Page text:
I didn’t manage to enter a 100 this season, since scheduling conspired against me. It’s still on my list to do, but perhaps a target for 2017.
At the Wheelers end of the season awards night, I received a nice surprise – I had won the Club Time Trial Series, a points-based tournament held over a number of races. Although I was quite far from being fastest in any of the disciplines, consistency saw me place highly and I was chuffed to win. It’s not something I expect to repeat – there are significantly quicker testers in our club than myself.
Etape du Tour
A bucket-list event, I signed up after some friends told me they were doing it. I love riding in that region and couldn’t wait to test myself on the Tour climbs. After a yo-yo’ing weather forecast, and a thunderstorm the night before, the day of the event was incredibly hot. Although we started relatively early whilst it was cool, it soon heated up, with the final climb on La Toussuire being particularly sweaty – south facing and exposed, with fresh tarmac reflecting the heat. Kind families in their motorhomes were handing out water, and a man sprayed riders with a hose at one of the feed stations. As I passed one spectator holding a bottle of water, I motioned for her to pour it on me. “C’est froid”, she warned. I wished I’d known the French for “I fucking hope so”.
I’m more a hot than a cold weather guy, and I loved the event (I even managed to not get sun-burnt). The first pint of lager (and the second and third…) whilst I waited for my room key to turn up was brilliant. I finished in 6:36, the quickest of our group and 759th of 12,092 starters. The slowest rider on the Tour de France finished in around 4:55. So, they’re just a bit better than me.
We followed up the Etape with a week in the Vercors and I felt fantastic. I didn’t hit many PBs but I was loving riding my bike and couldn’t wait to get back to racing.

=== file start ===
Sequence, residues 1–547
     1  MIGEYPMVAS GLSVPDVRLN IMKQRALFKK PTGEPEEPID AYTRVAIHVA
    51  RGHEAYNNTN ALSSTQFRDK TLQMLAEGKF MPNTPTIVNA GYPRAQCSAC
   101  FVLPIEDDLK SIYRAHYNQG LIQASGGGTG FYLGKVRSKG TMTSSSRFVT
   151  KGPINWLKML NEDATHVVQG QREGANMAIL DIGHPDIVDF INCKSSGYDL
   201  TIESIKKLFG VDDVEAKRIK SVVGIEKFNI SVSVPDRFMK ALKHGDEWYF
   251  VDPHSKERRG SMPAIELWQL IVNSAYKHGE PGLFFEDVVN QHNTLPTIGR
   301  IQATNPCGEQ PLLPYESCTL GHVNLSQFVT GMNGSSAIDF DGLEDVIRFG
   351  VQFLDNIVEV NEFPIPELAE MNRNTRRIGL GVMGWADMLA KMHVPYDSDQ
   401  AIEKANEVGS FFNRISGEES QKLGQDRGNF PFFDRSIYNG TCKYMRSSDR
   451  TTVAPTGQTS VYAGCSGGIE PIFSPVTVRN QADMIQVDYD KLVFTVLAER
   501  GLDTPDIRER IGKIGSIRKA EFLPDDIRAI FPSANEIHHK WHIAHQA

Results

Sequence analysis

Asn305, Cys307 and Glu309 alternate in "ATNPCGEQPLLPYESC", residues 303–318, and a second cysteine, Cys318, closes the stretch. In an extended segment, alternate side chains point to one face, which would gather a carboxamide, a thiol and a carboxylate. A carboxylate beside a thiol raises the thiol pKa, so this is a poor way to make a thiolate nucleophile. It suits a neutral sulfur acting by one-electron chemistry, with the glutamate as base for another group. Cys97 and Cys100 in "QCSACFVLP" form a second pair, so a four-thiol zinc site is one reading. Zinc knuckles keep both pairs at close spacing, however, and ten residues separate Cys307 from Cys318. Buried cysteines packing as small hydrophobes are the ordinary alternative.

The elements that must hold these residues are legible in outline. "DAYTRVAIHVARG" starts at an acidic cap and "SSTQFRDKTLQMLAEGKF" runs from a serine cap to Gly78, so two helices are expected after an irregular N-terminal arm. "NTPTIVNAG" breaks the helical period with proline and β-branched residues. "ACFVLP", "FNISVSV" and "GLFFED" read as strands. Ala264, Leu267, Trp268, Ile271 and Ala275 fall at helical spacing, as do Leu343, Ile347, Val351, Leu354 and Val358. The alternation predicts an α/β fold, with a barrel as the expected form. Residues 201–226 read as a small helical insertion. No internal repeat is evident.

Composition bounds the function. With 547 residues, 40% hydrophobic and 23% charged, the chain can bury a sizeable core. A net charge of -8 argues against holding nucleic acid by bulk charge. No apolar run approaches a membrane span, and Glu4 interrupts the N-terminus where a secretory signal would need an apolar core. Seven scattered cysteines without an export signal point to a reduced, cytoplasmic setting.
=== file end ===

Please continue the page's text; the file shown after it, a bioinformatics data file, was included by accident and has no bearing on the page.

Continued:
The traditional British Time Triallist’s end of season, I only managed three hill climbs this year. I made the mistake of going straight from racing open TTs to racing hill climbs, without any specific training in between. As a result, my performances weren’t as good as I’d hoped.
I returned to Denbies Wine Estate for Dorking & Redhill’s Denbies Duels. I improved my time by 12 seconds, despite being partner-less, but was still outside the cut-off to progress to the later rounds. As a result, I was able to head over to Staple Lane for Charlotteville’s club race. Staple is a climb I know quite well, and was able to place 5th and only a few seconds behind my friendly rival Mark Gray.
My biggest success of the season was at my own club’s race on Leith Hill. I didn’t improve my time on last year thanks to a headwind, however I was the quickest member of the Kingston Wheelers, making me club Hill Climb Champion 2015.
Perhaps I was a bit ambitious in 2015. As a result, a lot of my targets will move over to 2016.
- 10s. Achievable: 21:xx. Stretch: sub 21:30.
- 25s. Achievable: 55:xx. Stretch: 54:xx.
- 50s. Achievable: sub 2-hours. Stretch: sub 1:57:38 (25.5mph average).
- La Marmotte. Place similarly to the Etape – top 10% or so.
- Hill Climbs. Retain my Wheelers Club Champion status. Train for them properly.
- Overall. Plan the season better, with space for specific training between TTs and HCs.